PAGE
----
- Johnson & Johnson's worldwide medical device revenue fell 4.6% to $6.5 billion in the first quarter of 2019, the company reported Tuesday morning.
- The company cited the impact of the approximately $2.1 billion divestiture of the LifeScan diabetes care business, finalized in late 2018, and the $3.4 billion buy of Auris Health, which closed two weeks ago as factors.
- Net impact of acquisitions and divestitures aside, J&J said it saw 4.3% adjusted medical device unit growth bolstered largely by its Acuvue contact lenses line and atrial fibrillation ablation and diagnostic catheters, as well as uptake of its Attune knee replacement system and strong sales of wound closure products.
Within J&J's medical devices unit, the $3.4 billion acquisition of Auris Health was the leading storyline for the first quarter.
Picking up the Auris' Monarch digital surgery platform, initially being targeted for lung cancer procedures, raised questions among analysts about J&J's plans for its existing Verb Surgical partnership with Verily, and robot-assisted orthopaedic surgery platform Orthotaxy, acquired last year.
Medical Devices EVP Ashley McEvoy declined on an investor call to update regulatory or launch timelines for either the Auris or Verb programs, but called the Auris acquisition "highly complementary" to the Verb development program. CEO Alex Gorsky said on the company's January earnings call J&J was on track to enter the digital surgery market in 2020.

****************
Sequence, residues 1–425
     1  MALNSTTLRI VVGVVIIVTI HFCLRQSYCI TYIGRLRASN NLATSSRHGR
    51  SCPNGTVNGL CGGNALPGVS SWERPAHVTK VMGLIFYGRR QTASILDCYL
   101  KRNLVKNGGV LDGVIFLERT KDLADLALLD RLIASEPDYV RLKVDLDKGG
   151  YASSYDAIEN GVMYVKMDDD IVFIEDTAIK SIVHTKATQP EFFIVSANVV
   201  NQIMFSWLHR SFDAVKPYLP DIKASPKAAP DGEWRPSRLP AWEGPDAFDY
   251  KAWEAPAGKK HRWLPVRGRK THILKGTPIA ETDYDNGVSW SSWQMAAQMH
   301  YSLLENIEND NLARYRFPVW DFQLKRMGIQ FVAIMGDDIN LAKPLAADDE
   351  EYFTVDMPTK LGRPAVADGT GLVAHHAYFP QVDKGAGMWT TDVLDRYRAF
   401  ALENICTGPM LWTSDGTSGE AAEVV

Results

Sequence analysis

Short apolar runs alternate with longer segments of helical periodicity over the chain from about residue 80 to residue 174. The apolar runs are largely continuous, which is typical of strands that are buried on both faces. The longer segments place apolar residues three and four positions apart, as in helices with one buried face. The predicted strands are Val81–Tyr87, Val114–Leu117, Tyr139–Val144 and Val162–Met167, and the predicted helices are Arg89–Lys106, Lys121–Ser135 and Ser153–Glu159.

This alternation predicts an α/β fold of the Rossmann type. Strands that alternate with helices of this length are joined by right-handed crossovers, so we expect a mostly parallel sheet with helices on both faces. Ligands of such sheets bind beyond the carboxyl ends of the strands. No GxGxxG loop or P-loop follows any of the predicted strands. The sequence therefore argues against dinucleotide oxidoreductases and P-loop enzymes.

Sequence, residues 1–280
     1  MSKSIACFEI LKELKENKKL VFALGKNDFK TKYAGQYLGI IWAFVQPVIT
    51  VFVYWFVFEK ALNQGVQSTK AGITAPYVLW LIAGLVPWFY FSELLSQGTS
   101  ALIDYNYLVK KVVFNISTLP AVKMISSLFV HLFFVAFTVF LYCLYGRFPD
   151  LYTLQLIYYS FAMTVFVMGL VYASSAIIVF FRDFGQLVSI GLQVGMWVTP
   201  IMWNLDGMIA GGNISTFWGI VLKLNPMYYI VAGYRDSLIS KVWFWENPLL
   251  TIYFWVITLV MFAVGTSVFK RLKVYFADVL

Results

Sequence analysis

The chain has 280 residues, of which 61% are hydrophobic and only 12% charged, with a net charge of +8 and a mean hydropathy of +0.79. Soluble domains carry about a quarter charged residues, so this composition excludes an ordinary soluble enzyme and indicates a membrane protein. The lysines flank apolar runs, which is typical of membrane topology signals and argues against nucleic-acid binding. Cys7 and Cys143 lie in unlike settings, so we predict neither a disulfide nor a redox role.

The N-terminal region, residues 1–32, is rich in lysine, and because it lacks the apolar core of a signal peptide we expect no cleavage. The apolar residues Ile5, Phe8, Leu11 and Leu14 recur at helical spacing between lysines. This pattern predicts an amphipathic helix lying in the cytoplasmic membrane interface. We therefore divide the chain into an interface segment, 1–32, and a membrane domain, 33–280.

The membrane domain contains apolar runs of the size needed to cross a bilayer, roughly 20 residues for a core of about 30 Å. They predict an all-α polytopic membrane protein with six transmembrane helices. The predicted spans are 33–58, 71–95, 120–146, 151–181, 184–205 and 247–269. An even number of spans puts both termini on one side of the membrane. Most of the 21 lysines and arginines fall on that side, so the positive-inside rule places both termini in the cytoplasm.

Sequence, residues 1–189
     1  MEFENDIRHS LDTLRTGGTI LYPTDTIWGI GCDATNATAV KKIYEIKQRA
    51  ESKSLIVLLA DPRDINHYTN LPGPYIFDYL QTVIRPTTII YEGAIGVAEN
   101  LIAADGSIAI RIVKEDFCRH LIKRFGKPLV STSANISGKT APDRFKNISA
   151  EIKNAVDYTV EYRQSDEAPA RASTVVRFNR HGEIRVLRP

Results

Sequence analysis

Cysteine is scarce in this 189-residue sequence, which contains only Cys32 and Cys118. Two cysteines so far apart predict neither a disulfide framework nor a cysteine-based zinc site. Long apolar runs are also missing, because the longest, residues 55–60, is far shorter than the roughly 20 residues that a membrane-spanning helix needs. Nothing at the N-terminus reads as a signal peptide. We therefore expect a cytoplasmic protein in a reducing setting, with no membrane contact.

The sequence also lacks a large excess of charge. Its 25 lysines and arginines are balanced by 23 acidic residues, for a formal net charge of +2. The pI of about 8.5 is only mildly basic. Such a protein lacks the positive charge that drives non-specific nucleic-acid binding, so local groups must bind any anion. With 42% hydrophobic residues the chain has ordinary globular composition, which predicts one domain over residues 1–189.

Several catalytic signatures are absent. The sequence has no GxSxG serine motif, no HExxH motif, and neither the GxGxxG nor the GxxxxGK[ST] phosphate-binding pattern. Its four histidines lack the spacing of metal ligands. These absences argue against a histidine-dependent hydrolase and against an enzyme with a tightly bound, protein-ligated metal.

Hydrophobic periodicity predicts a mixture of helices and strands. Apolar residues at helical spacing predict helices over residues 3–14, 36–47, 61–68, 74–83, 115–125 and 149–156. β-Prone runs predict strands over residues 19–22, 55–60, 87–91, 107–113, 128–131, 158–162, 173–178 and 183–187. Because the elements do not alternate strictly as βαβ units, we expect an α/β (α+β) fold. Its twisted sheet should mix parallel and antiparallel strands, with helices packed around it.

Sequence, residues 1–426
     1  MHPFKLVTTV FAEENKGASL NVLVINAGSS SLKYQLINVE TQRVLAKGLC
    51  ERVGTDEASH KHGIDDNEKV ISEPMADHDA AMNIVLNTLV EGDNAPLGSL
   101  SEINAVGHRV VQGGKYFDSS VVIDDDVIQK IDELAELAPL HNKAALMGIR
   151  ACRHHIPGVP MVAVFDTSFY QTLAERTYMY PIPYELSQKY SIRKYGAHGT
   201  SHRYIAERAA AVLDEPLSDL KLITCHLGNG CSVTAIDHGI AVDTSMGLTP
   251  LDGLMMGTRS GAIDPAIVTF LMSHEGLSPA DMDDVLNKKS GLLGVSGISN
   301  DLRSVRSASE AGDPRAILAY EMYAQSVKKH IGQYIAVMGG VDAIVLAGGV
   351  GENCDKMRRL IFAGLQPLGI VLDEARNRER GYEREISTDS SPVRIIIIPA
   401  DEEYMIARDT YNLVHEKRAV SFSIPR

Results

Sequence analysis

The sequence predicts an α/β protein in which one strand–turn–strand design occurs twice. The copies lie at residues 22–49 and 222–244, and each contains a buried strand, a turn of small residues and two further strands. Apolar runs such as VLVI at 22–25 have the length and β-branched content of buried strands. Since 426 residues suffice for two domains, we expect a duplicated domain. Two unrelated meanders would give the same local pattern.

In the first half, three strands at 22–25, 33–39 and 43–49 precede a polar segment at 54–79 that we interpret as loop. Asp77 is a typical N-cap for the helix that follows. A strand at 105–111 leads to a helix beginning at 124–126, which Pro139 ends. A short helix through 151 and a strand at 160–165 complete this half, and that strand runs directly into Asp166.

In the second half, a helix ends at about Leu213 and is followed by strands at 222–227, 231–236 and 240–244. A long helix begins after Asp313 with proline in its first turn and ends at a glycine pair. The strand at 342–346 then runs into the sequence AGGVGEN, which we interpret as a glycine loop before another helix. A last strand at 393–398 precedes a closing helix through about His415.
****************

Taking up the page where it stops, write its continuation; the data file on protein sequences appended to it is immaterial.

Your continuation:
As part of the acquisition, J&J also took on Auris chief executive Frederic Moll, better known for founding original robotic surgery competitor Intuitive Surgical. McEvoy said Moll has consulted on both Auris and Verb systems since recently being folded into the company.
At 17.9% operational growth, the Interventional Solutions unit saw the most significant segment-level swing, which J&J attributed to 18.5% growth in electrophysiology devices, particularly ablation catheters used in increasingly popular atrial fibrillation procedures.
Johnson & Johnson touted above-market growth of 5% in its Vision unit, citing worldwide growth in its daily disposable lenses and the U.S. launch of new light-sensitive lens technology.
In its advanced surgery business, J&J saw 5% growth in endocutter sales and growth in Asia-Pacific market share. As for specialty surgery devices, the company reported growth driven by its aesthetics subsidiary Mentor, despite increased scrutiny by FDA on adverse events related to the company's breast implants.
The 10% growth in uptake of the Attune knee replacement system year over year was not enough to counter a 1.9% drop in international knee sales, which the company partly attributed to negative pricing pressures in the U.S. and weak sales across European, Middle Eastern and African markets. Analysts at RBC Capital Markets noted J&J likely continues to lose market share to Stryker.
Executives said impact of the recently completed $2.8 billion divestiture of Advanced Sterilization Products, formerly housed under Ethicon, will not be seen until the second quarter.
Medical devices' so-so performance balanced softness in J&J's consumer products unit and a strong quarter in the company's leading pharmaceuticals segment, for overall company-wide 0.1% growth to $20.0 billion in quarterly revenue. J&J stock was up close to 3% in early trading Tuesday.